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In many of our recent blog posts, we’ve talked about the exclusionary rule and the Fourth Amendment. The Fourth Amendment prohibits searches and seizures of your property and privacy that are “unreasonable.” If this prohibition gets violated by the police or other law enforcement agents, then the evidence that they find as a result of the infraction gets excluded from any criminal trial that follows.
However, there are exceptions to the exclusionary rule, which allow evidence to be presented against you, even if it was found after your constitutional rights were violated by police. In the next few blog posts, we’ll talk about one of these exceptions, and a Supreme Court case that was recently handed down that drastically impacts your rights as a U.S. citizen.
There are a small handful of exceptions to the exclusionary rule. We’ve gone over the “good faith” exception, which allows evidence to be presented in trial if it was found because of a Fourth Amendment violation that resulted from a “good faith” mistake by a law enforcement officer.
Another exception to the exclusionary rule is the attenuation exception. Evidence found from a Fourth Amendment violation is still admissible in trial if enough time passes between the violation and the discovery of the evidence, or if something happens between the two that prevents the constitutional violation as being the “cause” of the discovery of the evidence.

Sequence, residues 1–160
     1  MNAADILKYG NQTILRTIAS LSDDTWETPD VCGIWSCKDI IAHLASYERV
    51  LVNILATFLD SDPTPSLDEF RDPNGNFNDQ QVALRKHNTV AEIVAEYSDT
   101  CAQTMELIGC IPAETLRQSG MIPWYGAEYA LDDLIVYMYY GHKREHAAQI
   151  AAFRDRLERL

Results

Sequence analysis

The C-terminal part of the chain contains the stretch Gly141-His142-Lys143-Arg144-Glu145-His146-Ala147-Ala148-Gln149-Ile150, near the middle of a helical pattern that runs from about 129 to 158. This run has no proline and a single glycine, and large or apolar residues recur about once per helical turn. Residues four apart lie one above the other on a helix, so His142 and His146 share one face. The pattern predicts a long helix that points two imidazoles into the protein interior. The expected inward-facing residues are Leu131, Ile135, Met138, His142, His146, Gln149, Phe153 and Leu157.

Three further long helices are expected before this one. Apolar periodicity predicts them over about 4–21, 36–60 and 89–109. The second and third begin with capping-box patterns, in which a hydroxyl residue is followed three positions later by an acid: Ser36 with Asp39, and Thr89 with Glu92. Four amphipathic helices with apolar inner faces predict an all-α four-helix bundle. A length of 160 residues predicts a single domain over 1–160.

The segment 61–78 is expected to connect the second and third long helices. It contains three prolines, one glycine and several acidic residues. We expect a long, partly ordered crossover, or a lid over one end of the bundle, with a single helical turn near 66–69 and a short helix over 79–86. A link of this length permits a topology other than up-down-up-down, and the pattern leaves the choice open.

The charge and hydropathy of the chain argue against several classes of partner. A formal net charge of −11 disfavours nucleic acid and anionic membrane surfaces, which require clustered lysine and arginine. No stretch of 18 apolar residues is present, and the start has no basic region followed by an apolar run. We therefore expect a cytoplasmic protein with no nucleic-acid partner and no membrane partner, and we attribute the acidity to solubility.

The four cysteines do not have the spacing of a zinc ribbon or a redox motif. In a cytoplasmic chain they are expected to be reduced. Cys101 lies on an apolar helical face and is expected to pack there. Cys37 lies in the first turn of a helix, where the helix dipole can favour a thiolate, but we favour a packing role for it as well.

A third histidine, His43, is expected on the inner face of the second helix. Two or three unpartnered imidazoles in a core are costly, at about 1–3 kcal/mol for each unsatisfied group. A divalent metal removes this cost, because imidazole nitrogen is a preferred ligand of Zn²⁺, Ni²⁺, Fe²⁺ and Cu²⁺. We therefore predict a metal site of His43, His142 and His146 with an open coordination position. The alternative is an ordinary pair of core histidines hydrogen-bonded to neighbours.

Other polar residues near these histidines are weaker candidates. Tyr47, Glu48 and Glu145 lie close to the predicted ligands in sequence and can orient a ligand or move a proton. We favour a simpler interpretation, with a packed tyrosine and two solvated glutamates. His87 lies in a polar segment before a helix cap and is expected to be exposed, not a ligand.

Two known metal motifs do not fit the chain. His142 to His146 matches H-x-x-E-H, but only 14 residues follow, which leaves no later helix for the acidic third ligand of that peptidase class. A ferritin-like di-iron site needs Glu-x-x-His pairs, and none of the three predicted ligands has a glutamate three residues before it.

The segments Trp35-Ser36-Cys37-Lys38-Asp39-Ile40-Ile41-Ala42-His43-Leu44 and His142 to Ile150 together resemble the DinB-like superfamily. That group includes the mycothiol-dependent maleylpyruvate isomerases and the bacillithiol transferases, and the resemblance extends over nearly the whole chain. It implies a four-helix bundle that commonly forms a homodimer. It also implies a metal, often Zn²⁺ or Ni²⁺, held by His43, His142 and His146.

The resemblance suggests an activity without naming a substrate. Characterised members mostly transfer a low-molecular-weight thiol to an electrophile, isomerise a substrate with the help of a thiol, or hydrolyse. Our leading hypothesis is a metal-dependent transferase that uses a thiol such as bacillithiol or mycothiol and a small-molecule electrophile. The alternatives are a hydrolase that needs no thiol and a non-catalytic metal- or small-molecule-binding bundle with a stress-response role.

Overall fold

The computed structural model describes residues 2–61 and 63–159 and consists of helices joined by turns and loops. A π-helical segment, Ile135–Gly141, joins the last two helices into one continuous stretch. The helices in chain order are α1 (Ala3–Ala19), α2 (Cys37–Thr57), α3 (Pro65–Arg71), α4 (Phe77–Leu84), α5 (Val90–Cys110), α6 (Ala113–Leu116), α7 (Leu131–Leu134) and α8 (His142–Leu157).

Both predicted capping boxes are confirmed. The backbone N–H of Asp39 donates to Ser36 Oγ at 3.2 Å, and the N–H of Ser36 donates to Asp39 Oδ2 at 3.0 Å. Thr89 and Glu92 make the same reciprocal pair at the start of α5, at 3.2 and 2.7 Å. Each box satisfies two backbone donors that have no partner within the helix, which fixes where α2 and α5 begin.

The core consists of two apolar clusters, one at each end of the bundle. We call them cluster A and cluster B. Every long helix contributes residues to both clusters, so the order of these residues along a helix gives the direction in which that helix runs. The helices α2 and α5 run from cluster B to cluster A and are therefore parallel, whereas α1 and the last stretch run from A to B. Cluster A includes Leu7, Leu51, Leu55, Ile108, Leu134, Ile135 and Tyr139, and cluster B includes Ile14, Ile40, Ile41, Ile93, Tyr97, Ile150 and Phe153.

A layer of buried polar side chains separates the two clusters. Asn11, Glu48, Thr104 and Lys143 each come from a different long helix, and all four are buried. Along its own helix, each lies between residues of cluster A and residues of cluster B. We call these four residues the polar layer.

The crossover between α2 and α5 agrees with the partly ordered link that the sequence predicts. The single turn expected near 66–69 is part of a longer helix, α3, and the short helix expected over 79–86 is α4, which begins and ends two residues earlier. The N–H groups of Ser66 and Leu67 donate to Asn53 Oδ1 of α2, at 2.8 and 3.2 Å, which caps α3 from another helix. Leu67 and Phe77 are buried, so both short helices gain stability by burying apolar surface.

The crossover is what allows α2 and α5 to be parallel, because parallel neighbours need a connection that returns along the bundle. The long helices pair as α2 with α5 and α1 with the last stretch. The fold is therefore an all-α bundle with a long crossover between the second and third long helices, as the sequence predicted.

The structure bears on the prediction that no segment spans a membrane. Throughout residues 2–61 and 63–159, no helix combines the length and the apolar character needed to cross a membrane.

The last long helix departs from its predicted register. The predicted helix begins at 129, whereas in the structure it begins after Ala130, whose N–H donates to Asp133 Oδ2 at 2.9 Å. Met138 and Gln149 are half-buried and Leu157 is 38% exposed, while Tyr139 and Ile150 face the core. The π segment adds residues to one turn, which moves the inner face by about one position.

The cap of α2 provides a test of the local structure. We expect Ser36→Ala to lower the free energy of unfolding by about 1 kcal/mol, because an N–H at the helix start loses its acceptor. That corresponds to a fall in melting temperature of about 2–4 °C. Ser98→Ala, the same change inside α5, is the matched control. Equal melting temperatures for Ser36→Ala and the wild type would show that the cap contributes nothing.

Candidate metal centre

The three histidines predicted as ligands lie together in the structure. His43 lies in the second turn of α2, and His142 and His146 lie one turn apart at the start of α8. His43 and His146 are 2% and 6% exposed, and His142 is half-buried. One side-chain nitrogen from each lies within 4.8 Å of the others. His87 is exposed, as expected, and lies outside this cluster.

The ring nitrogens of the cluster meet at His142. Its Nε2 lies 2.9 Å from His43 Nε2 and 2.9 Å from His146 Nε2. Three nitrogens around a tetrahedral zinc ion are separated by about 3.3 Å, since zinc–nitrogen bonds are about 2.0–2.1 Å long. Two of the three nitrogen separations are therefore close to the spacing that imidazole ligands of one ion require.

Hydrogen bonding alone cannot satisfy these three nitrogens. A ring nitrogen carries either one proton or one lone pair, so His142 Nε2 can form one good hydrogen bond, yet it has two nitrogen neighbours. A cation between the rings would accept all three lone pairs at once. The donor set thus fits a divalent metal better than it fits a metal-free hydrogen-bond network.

It is this exception that the Supreme Court just expanded beyond all reasonable recognition in a recent case.
In December 2006, police in Utah received an anonymous tip, saying that a certain house was a drug hotspot. A police officer watching the house saw Edward Strieff leaving the house. Even though he had no reason to stop Mr. Strieff, other than the fact that he had just left the house, the cop detained him and demanded his identification. This revealed that there was an arrest warrant out for Mr. Strieff. The police officer arrested him and, during the search that followed, found that Mr. Strieff was carrying drugs. He was charged with drug possession, and pleaded guilty on the condition that he could appeal whether the drugs that were found could be excluded from his trial.
Mr. Strieff’s appeals went all the way to the Supreme Court but, once there, the Justices sided with the police.
As a preliminary matter, the police stop that Mr. Strieff went through was a clear violation of his Fourth Amendment rights. The cop had no probable cause, or even a reasonable suspicion, that Mr. Strieff was doing something illegal. In fact, even the Utah police admitted that the stop was unlawful.
The only question that was left to deal with in the case was whether the evidence found from the unlawful stop could be admitted.
In our next blog post, we’ll discuss the Supreme Court’s decision.
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